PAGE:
Estimating Distances in Action Space in Augmented Reality
PubDate: June 2021
Teams: University of Utah；Vanderbilt University
Writers: Holly C. Gagnon；Carlos Salas Rosales；Ryan Mileris；Jeanine K. Stefanucci；Sarah H. Creem-Regehr；Robert E. Bodenheimer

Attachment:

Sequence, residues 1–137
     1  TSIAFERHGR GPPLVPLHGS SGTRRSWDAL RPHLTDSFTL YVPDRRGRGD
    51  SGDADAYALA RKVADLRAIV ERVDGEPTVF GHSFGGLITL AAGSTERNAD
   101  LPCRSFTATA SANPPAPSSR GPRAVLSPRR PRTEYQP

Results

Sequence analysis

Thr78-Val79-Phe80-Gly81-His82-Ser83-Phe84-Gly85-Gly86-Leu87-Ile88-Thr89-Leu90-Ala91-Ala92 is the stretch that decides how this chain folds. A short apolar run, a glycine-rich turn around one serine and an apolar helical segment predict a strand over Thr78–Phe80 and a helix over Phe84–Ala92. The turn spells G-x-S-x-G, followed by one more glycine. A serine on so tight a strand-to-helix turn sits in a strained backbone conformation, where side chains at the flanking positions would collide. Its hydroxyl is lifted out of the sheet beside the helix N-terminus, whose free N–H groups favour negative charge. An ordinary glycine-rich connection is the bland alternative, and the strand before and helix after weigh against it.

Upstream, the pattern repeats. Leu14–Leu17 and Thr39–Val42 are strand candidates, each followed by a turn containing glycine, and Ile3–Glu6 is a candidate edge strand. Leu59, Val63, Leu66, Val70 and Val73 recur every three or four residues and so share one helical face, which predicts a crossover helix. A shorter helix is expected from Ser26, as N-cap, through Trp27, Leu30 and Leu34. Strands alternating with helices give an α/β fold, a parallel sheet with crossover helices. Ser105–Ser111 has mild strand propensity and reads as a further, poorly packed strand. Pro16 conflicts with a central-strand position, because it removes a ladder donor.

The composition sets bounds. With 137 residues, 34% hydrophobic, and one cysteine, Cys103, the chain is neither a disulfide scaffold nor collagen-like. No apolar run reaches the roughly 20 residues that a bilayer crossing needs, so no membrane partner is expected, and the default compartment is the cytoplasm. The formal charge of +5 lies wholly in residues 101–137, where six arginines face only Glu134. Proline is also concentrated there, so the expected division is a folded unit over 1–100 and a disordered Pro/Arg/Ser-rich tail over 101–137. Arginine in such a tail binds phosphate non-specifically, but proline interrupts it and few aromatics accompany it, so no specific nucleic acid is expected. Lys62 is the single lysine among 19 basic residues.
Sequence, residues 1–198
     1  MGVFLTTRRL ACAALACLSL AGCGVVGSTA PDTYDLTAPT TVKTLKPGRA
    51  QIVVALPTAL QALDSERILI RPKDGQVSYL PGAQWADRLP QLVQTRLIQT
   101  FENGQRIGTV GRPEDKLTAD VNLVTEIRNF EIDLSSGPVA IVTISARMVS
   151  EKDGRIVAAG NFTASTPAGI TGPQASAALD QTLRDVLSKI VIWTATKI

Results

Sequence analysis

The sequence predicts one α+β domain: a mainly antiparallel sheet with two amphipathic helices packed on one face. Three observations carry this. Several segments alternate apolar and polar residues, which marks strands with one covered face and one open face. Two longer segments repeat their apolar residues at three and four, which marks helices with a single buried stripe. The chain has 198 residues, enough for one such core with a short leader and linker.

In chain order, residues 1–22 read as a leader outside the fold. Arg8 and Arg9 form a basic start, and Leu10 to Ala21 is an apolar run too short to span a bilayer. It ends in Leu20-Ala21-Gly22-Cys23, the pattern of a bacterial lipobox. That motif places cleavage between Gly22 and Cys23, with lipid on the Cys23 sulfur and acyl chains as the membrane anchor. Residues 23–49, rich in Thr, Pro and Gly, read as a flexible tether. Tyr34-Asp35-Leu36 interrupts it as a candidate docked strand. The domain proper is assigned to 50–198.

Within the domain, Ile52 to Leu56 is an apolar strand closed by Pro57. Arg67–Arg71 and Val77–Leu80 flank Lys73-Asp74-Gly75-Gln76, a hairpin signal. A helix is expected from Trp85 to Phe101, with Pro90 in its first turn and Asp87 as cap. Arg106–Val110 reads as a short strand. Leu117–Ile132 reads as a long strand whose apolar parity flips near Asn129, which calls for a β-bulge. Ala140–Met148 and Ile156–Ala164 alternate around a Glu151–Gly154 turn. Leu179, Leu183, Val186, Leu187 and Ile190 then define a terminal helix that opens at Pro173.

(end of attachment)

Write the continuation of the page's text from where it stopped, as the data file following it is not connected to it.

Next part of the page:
Augmented reality (AR) is important for training complex tasks, such as navigation, assembly, and medical procedures. The effectiveness of such training may depend on accurate spatial localization of AR objects in the environment. This article presents two experiments that test egocentric distance perception in augmented reality within and at the boundaries of action space (up to 35 m) in comparison with distance perception in a matched real-world (RW) environment. Using the Microsoft HoloLens, in Experiment 1, participants in two different RW settings judged egocentric distances (ranging from 10 to 35 m) to an AR avatar or a real person using a visual matching measure. Distances to augmented targets were underestimated compared to real targets in the two indoor, RW contexts. Experiment 2 aimed to generalize the results to an absolute distance measure using verbal reports in one of the indoor environments. Similar to Experiment 1, distances to augmented targets were underestimated compared to real targets. We discuss these findings with respect to the importance of methodologies that directly compare performance in real and mediated environments, as well as the inherent differences present in mediated environments that are “matched” to the real world.